The Paleoclimatology Branch's efforts to provide an archive of paleoclimate data rely entirely on the effort of scientists around the world who take the time to contribute the published results of their scientific research, and on the funding agencies who support their efforts. The users of these data come from different backgrounds, with different needs and goals. We archive information so that it can be used by paleoclimate experts, scientists from other fields, resource managers and decision-makers, students, educators, and interested citizens -- in short, by anyone interested in gaining a better understanding of long-term variations in climate and environment.
Our primary goal is to document each data set so that it can be discovered over the Internet and its suitability for use determined (based on this documentation, users should be able to determine whether a data set meets their needs). To maximize the usefulness and visibility of contributed data, we add FGDC standard content, utilize meta-tags, employ XML and other emerging technologies, and place data on a site with a high search engine ranking. The descriptive information makes data easier to interpret, however the metadata are standardized and concise and are meant to be used in conjunction with original publications, which provide a more complete description of the data.
A secondary goal is to quality-control the data to the extent possible. As data are contributed, all files are assessed to make sure metadata and formatting are correct, and files received and information added are verified with the contributor. Beyond this, a variety of approaches have been tailored for the different proxy records. For example, a program for assessing the quality of the dating in tree-ring data, developed by the Dendrochronology community, is run on incoming tree ring data and results are made available for user assessment. In the case of the paleoceanographic data, gross error checking is used to spot values that lie outside the range of possible values (i.e., negative percentages). We are currently assessing other methods for quality control, including a geographic tool to plot the coordinates listed in the metadata to ensue they match the locations described by other metadata fields. Some procedures used for instrumental climate data may eventually be applied as appropriate but users should realize that quality control for instrumental data is generally more extensive than the quality control applied to paleoclimate data, where uncertainties are generally larger and the accuracy is not always known. One of the biggest problems we face lies in determining whether two quantities were measured in the same way and can be combined as the same variable. We favor the cautious approach and document ambiguous measurements as unique variables. The result for paleoceanography data is five different variables for calcium carbonate percent. But these and other variables can be examined and combined by the user as appropriate for their application. In general, users planning to synthesize measurements must take care when combining measurements from different studies.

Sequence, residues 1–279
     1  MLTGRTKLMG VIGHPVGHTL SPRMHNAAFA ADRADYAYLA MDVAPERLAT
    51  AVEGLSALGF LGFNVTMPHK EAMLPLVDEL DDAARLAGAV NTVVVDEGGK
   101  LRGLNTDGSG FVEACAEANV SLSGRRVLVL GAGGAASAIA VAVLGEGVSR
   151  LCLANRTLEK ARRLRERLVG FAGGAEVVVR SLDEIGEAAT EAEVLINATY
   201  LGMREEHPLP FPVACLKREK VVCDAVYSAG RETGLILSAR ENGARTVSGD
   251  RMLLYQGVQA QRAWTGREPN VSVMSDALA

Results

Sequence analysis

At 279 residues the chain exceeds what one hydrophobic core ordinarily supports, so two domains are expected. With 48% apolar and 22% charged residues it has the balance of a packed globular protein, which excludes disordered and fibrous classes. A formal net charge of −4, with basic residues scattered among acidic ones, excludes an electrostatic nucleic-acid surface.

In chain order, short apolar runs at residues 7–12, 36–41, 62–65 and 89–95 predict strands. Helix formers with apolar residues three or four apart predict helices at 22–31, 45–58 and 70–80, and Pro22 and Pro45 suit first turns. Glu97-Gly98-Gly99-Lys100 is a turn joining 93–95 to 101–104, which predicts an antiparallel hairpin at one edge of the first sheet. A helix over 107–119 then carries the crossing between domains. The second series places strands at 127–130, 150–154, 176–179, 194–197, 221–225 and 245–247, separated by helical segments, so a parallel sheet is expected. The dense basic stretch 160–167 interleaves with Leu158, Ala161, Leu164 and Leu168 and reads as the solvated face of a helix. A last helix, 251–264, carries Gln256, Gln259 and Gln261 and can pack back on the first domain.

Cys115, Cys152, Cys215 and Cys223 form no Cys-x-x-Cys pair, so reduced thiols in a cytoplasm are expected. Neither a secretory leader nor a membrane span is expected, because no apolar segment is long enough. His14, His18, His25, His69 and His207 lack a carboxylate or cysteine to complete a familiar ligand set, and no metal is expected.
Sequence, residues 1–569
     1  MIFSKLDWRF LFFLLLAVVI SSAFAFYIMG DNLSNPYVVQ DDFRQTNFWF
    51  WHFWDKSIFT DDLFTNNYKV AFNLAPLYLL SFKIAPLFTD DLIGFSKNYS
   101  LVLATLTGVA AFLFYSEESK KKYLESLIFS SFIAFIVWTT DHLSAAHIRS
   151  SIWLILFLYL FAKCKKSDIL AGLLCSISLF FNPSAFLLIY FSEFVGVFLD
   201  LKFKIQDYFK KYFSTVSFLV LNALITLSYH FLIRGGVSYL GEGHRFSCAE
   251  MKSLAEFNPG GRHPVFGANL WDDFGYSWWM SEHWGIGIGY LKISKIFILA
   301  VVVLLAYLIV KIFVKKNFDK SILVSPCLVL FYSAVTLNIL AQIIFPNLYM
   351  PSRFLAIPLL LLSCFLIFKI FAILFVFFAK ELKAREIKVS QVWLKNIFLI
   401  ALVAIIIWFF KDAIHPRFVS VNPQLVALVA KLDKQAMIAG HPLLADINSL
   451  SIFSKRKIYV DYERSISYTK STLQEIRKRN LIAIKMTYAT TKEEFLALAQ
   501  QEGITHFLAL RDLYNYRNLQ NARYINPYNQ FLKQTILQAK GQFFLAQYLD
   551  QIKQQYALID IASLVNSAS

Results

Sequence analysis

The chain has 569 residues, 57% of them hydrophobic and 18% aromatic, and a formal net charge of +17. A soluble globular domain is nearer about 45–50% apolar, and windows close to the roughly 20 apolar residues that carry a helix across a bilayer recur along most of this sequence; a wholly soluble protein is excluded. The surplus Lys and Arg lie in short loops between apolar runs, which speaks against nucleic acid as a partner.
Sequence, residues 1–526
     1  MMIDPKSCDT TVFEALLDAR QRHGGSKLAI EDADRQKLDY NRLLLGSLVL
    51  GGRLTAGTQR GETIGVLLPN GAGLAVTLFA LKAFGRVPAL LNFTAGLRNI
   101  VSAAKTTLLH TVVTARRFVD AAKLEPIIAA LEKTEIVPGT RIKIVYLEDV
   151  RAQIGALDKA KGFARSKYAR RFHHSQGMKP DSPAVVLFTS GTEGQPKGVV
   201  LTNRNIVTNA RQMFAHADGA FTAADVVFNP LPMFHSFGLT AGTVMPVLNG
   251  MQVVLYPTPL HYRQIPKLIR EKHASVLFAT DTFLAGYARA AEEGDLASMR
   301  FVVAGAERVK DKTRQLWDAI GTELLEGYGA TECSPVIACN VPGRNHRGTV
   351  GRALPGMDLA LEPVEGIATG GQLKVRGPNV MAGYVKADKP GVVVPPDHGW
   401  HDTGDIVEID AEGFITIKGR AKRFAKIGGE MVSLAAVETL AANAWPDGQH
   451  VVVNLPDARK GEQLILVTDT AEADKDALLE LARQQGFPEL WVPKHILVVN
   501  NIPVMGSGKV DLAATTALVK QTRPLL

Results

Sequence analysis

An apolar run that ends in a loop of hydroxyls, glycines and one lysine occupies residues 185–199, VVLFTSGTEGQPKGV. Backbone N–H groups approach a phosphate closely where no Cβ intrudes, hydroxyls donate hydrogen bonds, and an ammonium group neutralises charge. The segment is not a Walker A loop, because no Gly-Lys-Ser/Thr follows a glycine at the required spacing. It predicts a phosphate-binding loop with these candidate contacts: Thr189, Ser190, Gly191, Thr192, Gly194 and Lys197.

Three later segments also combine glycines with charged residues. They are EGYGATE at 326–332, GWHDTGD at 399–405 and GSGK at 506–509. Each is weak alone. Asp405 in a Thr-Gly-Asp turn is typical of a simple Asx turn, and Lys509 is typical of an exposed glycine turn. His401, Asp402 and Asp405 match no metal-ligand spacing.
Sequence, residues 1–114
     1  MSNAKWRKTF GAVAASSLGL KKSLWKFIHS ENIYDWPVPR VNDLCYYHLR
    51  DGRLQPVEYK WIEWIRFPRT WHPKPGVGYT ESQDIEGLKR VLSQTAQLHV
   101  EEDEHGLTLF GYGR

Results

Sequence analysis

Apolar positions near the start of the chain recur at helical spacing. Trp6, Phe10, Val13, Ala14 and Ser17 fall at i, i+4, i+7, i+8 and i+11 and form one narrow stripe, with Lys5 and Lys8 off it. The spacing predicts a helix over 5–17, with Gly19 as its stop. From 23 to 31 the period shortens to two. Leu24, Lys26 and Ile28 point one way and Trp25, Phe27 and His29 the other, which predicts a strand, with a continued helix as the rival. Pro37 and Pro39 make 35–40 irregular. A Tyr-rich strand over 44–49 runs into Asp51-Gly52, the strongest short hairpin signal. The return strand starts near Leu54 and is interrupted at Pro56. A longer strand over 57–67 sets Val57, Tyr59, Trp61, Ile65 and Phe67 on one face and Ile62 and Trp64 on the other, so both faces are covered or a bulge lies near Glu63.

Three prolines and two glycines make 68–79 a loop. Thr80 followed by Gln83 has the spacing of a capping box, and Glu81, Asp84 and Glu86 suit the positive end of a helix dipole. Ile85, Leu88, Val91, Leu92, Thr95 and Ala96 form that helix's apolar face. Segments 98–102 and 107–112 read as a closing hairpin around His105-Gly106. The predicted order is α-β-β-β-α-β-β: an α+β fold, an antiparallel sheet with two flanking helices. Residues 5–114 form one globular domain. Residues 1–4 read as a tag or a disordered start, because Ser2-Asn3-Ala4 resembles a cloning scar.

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Please see the Paleoclimatology Contact Page or the NCDC Contact Page if you have questions or comments.